One of the most promising areas of statistical study in recent years has come in the area of faceoff locations. While it is impossible to record where the puck is throughout a player's shift, or its location when he begins or ends a shift on the fly, we do know where the disc is both on the faceoff and at the whistle, and which players are on the ice for all such events. In what zone do coaches deploy their players, and in what direction do those players drive the subsequent play? Vic Ferrari of Irreverent Oiler Fans has done some outstanding pioneer work in this area, inventing (to the best of my knowledge) terms like ZoneStart, ZoneFinish, and ZoneShift. More recently, Gabe Desjardins of Behind the Net has made the raw stats for the first two of those categories readily available, and in sortable form which proved extremely useful for a global study.
In Gabe's version of zone stats, all faceoffs and whistles are counted while a player is on the ice, not just those at the beginning or end of his shift. Zone start and finish are both expressed by discounting neutral zone faceoffs altogether (a somewhat dangerous practice in my opinion) and calculating what percentage of a player's end zone faceoffs occurred in the offensive zone. Both figures are somewhat confusingly recorded at Behind the Net as "OPCT"; to avoid ambiguity I have relabelled them OZS% and OZF% respectively.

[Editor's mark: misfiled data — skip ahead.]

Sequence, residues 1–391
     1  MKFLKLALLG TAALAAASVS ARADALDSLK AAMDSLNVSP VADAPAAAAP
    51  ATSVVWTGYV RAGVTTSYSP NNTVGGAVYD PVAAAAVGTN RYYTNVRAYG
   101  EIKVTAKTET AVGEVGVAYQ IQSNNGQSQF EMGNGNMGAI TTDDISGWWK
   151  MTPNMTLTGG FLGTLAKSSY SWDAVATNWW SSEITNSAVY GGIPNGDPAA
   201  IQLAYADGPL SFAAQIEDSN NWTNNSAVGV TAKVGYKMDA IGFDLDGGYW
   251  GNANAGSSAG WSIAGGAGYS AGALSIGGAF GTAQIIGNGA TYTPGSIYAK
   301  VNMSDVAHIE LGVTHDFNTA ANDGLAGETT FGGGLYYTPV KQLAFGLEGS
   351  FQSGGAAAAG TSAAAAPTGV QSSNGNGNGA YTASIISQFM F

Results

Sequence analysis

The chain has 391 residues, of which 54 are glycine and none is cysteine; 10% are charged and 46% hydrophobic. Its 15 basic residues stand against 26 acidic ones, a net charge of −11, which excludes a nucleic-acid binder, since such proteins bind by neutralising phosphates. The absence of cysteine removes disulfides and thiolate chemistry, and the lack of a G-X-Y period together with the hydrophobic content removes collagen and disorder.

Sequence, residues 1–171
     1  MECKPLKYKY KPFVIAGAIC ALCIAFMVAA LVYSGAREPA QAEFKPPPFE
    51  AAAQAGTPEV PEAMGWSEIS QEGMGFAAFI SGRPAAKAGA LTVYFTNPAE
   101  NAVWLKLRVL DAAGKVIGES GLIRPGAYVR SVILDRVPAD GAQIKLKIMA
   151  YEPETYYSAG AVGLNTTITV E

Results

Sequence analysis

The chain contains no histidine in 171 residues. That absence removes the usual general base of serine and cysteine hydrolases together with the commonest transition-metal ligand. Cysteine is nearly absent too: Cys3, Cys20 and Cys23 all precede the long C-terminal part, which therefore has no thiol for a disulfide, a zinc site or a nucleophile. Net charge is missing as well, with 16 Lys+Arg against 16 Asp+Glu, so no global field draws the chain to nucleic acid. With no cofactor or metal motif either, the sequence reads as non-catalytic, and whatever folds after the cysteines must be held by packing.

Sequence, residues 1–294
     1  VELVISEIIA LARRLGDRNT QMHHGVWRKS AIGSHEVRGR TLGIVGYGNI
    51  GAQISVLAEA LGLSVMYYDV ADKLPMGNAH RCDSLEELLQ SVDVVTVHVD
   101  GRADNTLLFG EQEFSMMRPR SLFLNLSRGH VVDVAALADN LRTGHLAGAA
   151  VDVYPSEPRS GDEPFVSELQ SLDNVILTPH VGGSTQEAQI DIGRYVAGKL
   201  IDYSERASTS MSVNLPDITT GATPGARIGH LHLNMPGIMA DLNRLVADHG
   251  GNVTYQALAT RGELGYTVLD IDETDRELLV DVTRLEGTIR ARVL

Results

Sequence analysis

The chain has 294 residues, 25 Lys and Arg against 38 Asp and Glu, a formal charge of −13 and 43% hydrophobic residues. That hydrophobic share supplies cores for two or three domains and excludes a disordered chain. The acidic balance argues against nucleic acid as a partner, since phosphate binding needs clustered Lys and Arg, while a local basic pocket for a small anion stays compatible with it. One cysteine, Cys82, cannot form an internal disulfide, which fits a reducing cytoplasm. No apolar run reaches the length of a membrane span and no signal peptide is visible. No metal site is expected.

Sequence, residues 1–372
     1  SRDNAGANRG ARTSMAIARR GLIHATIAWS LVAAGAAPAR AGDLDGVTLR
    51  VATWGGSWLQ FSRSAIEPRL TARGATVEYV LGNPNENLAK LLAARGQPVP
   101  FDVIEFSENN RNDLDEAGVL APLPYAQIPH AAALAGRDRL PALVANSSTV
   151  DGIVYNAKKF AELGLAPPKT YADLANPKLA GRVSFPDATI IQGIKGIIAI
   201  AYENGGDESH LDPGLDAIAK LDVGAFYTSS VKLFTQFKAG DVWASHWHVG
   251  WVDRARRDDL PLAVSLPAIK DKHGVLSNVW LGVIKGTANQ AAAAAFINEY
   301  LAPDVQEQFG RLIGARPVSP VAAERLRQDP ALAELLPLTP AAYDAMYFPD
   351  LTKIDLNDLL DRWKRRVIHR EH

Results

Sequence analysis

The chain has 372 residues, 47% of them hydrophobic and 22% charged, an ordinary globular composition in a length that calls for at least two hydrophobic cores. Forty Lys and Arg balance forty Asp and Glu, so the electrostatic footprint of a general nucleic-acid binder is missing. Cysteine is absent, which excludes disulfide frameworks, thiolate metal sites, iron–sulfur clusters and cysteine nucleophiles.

I decided to focus my (first) study on defencemen, specifically the 200 rearguards who had 41+ GP in 2009-10. It's worth bearing in mind that by excluding those players with <41 GP - who could arguably be labeled "replacement level players" - I was no longer playing a zero sum game. The 200-man group should be slightly better than average defencemen overall. But the method was such that I was reluctant to give equal credit to a 10 GP injury call-up as a "regular".
The plan was to sort the players into groups based on ZoneStart (even strength only), and then to track the results of each group. All players under study had an OZS% between 35% and 65%, with the low-end percentages representing the heavy lifting and the high-end consisting largely of offence-first guys and/or young guys being protected. The St. Louis Blues took this to an extreme level, in that Roman Polak (36.1%) and Barret Jackman (38.9%) were 1-2 in the entire NHL in toughest ZoneStarts, while Erik Johnson (59.9%) and Carlo Colaiacovo (59.6%) were both among the top six for easiest OZS%. Pat Quinn on the other hand, "protected" his rookie defenceman Taylor Chorney by saddling him with the fourth most difficult ZoneStarts in the NHL (39.2%). I honestly have no idea what he was thinking, or indeed, if he was thinking. Makes no sense to me.Anyway, the percentages broke nicely into 6 groups at 5% intervals, distributed along a fairly regular Bell curve with only a handful of outliers <40% or >60%.
|Bracket||#||GP||TOI/GP||QUALCOMP||QUALTEAM||OZS%||GF ON||GA ON||Goal%|
Interesting to note that, as a group, the guys below the 50% line also had heavier workloads in GP, in ATOI, and particularly in QualComp which weakens in lockstep with ZoneStarts. Funny that.